From these adjustments your attitude toward food changes and you begin to think of DIET in the noun sense. This leads to real results that last, potentially, your whole life. This is why DIET is the first thing to address in losing weight, and not exercise or anything else.

This is especially true if you have tried “everything” and can’t lose the weight. It’s likely because there is more to the story like abnormal insulin levels (for whatever reason). Sticking to the old “cut calories and exercise more” mindset becomes ineffective. Good luck with following that…

So…be open and try a diet philosophy that you connect with and give it solid time. I’d say a month at the very least.

Need help? PRACTICE THESE STEPS:

  1. Audit and review your diet (record every last thing that you eat or drink, including your eating habits).
  2. Understand where you calories come from by knowing your macro profile (what makes up your protein, fats, and carbs and what foods they come from).
  3. Make proper adjustments (cutting the sugar, increasing fiber, drinking more water, just eating more wholesome foods, etc.).
  4. Implement those adjustments immediately and combine it with a diet philosophy (a way of eating explained earlier) that you think can most help you NOW.

Do that and you’ll have success (weight-loss, better health markers, etc.) in some way.

Stay tuned for PART III as I explore other factors that affect your weight-loss and performance in and out of the gym.

As always, thanks for stopping by and reading.

Until next time, be strong and be you.

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(Photo Credit 2)

“Is a Calorie a Calorie?” Part I: Sugar, Simple Carbs, and Insulin

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Is a calorie a calorie?

Ask any health or fitness professional and the answer is usually a resounding “YES.”

That’s because of the first Law of Thermodynamics (conservation of energy) is stated as a concrete fact as it pertains to the human body’s use of calories from food for energy, and it’s as simple as CALORIES IN EQUALS CALORIES OUT.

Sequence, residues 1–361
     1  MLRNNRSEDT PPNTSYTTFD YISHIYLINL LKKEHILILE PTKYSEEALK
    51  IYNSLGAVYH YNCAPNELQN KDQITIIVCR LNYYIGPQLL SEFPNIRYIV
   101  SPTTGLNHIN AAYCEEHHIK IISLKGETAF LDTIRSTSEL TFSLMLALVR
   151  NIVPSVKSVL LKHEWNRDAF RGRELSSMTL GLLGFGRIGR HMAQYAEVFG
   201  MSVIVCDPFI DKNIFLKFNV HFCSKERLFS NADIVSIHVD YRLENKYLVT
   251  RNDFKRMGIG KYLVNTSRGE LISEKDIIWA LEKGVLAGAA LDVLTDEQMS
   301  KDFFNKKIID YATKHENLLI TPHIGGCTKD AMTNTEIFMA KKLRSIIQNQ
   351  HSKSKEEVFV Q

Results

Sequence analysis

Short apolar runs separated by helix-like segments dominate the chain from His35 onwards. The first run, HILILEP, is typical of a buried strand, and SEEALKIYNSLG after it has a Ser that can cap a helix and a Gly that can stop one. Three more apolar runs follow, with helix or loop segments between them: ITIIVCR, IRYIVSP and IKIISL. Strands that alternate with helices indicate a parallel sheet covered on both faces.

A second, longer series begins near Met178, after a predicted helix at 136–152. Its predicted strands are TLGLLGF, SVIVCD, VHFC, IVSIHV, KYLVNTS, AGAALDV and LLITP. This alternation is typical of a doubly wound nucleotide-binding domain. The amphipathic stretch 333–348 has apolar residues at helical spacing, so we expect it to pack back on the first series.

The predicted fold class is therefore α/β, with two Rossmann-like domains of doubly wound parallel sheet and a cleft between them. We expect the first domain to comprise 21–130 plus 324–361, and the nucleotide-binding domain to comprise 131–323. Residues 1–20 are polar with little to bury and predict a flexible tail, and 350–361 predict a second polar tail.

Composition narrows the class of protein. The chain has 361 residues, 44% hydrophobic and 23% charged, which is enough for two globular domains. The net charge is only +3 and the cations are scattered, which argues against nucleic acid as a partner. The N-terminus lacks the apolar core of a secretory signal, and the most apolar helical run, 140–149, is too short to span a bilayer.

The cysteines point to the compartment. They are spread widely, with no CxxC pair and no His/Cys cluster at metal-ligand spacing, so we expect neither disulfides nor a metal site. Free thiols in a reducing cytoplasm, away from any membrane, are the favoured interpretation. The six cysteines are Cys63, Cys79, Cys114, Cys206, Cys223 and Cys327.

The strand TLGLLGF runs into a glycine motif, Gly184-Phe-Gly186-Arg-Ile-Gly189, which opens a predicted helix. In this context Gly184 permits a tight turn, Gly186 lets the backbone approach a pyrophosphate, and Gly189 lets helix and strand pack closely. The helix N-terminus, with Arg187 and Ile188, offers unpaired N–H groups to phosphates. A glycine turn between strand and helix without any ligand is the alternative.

In case you’re unfamiliar to the Law of Conservation of Energy, it states that “energy cannot be created nor destroyed just transformed or transferred in some way, in a closed system.”

As an equation, it can be stated as: U = Q – W.

“U” is the internal energy of the system (or body-weight), “Q” is the heat supplied by the system (the calories eaten in a day) and “W” is the work done by the system (the calories burned by your body for any given action or metabolic processes in a day).

In other words, a calorie is a calorie in our system (our bodies) and will always equal the same no matter what. For instance, if your diet consisted of 1500 calories from all simple carbs and sugar sources, like bread, potato chips, cookies, candies, etc., it would EQUAL THE SAME CALORIES AND CAUSE THE SAME EFFECT from a balanced diet of meats, veggies, good fats, and slow digesting carbs.

Using the first Law of Thermodynamics this statement is true. It doesn’t matter what food you eat as long as you’re eating the right amount of calories to either gain, lose, or maintain your body weight for a given energy expenditure. In other words, the classic saying “Calories in equals calories out” remains true based on the first Law of Thermodynamics.

Weight-gain is, essentially, the result of poor behaviors and ultimately down to “personal choice.”

On the surface, this makes complete sense, but recently there has been new evidence challenging this statement.

For instance…

What if the first Law of Thermodynamics did not fit our diet completely? What if our biological chemistry firstly dictates how the calories we consume interact with our bodies based on our current physiology, resulting in different ways certain macronutrients are processed, or expressed, in our body system?

This, I think, is a question that should be further investigated because, as a population, more people are overweight now, yet we’ve heard for years that it’s as simple as cutting your calories and exercising more.

Don’t you think if it was that easy that more of us would be in shape?

Just food for thought (pun intended).

And do not get me wrong…

I understand that this calorie balance is the first step in any weight-loss endeavor. The majority of Americans sit for longer periods of time more than ever today, and have access to an abundance of food at their fingertips. Put that together and it’s no mystery that we’re so fat.